Semaphorins are originally identified as axonal guidance factors in the developing nervous system in 1990s. Cumulative evidence suggests that semaphorins also play important roles in the other systems, including organogenesis, vascularization, angiogenesis and the progression of cancers. In 2000, our research groups have identified a class IV semaphorin, CD100/Sema4D, as an immune-regulatory molecule expressed on immune cells. To date, it becomes clear that some other semaphorins (Sema3A, Sema4A, Sema4B, Sema4G, Sema4F, Sema6A, Sema6B, Sema6D, Sema7A) are also expressed in the immune system and play non-redundant roles in immune responses. These semaphorins are now called as ‘immune semaphorins’ (Fig.1). Immune semaphorins are involved in various phases of immune responses including activation phase, differentiation phase and effecter phase (Fig.2). We work on the molecular mechanisms underlying regulation of immune responses by immune semaphorins.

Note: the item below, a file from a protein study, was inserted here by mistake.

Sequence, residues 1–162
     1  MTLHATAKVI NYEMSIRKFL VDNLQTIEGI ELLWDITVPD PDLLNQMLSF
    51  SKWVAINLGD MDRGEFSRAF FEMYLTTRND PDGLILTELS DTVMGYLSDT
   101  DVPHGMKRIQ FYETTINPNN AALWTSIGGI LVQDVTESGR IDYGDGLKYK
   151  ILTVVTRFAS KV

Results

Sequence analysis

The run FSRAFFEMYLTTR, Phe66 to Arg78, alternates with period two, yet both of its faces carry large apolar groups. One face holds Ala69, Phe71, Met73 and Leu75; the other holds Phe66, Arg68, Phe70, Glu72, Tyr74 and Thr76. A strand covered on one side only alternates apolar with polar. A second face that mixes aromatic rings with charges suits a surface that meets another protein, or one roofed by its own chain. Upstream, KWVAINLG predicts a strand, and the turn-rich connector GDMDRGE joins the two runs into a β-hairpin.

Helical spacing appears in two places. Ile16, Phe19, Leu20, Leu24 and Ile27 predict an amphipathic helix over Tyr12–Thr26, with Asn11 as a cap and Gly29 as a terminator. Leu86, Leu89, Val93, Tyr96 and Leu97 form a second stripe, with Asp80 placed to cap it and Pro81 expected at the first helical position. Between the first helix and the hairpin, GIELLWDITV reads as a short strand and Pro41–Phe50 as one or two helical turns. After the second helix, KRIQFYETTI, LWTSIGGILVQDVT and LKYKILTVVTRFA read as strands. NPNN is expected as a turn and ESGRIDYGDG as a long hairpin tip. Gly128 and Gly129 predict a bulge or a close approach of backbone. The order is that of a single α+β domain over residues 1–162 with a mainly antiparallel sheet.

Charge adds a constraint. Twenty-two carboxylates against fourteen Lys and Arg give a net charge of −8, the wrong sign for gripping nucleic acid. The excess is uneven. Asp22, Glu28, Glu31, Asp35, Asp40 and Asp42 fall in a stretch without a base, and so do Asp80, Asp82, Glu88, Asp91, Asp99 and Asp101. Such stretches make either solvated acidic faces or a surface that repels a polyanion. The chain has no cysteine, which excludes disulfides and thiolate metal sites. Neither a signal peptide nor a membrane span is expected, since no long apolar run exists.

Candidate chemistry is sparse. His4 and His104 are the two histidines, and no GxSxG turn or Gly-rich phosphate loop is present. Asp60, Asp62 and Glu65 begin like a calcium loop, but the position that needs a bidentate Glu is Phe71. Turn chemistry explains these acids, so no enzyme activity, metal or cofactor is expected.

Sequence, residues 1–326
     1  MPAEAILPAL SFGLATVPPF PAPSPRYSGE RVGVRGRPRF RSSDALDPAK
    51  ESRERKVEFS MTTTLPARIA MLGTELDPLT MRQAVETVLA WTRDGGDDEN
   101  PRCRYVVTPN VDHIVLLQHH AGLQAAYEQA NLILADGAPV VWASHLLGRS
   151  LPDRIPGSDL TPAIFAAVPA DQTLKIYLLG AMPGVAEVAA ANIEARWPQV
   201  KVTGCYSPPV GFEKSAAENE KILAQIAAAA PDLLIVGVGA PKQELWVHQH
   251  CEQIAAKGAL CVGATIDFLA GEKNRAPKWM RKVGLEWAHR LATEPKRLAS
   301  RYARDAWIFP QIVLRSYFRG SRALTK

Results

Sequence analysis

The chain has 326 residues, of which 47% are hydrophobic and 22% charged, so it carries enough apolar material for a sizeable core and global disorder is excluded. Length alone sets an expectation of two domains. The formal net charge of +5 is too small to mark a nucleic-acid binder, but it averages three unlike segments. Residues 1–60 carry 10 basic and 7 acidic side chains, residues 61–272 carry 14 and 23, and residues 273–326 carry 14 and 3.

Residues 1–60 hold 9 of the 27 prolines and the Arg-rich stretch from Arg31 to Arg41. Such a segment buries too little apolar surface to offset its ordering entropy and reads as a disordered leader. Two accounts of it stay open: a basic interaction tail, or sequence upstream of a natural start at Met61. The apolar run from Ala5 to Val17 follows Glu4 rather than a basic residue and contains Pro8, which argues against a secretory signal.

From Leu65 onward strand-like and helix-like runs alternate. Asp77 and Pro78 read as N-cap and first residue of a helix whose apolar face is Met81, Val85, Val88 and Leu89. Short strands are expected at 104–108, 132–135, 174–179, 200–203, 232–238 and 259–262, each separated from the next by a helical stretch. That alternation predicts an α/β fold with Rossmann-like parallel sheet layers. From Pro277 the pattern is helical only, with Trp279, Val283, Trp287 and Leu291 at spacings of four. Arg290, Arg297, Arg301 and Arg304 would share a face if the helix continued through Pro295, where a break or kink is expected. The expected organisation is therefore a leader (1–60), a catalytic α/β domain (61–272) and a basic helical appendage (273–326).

Fig.1 Representative Immune Semaphorins
Fig.2 Involvement of semaphorins in various phases of immune responses
Atsushi Kumanogoh Professor
|1991||Graduate from Medical School of Osaka University|
Toshihiko Toyofuku Professor
Yoshihiro Oka Professor
Masashi Narazaki Professor
Satoshi Nojima Associate Professor
Yoshito Takeda Associate Professor
Hyota Takamatsu Assistant Professor
Tatsusada Okuno Assistant Professor
Jun Fujimoto Assistant Professor
Schulz E et al. Nature Commun. 5:5191. 2014.
Kumanogoh A and Kikutani H. Nature Rev Immunol. 13:802-14. 2013.
Nojima S et al. Nature Commun. 4:1406. 2013.
Hayashi T et al. Nature 485:69-74, 2012.
Nogi T et al. Nature 467:1123-7, 2010.
Takamatsu et al. Nature Immunology 11, 594-600, 2010.
Suzuki et al. Nature Immunology 9, 17-23, 2008.
Suzuki K, Kumanogoh A (*corresponding author) et al. Nature 446, 680-684, 2007.
Takegahara, N, Kumanogoh A (*corresponding author) et al. Nat Cell Biol. 8, 615-622, 2006.
Kumanogoh A. et al. Immunity 22, 305-16, 2005.
Kikutani H. and Kumanogoh A. Nat. Rev. Immunol. 3, 159-167, 2003.
Kumanogoh A. et al. Nature 419, 629-633, 2002.